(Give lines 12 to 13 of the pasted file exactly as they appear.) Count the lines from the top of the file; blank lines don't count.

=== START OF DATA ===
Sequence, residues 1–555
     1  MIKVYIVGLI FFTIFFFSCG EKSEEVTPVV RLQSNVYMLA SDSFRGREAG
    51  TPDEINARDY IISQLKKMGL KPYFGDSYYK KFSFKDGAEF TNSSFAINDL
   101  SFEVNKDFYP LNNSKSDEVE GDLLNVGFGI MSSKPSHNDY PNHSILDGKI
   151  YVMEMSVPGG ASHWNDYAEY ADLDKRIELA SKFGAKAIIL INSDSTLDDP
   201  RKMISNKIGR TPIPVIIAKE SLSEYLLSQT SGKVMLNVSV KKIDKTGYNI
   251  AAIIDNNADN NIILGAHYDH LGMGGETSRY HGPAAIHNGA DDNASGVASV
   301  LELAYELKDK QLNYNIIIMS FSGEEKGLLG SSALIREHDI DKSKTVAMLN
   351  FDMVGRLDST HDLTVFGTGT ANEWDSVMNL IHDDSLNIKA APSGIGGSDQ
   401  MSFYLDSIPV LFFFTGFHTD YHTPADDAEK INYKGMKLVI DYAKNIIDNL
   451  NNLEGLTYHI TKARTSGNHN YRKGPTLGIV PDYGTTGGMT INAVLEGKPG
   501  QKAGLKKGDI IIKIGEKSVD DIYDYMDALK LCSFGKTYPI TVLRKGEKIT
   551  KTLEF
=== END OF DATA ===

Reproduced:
   501  QKAGLKKGDI IIKIGEKSVD DIYDYMDALK LCSFGKTYPI TVLRKGEKIT
   551  KTLEF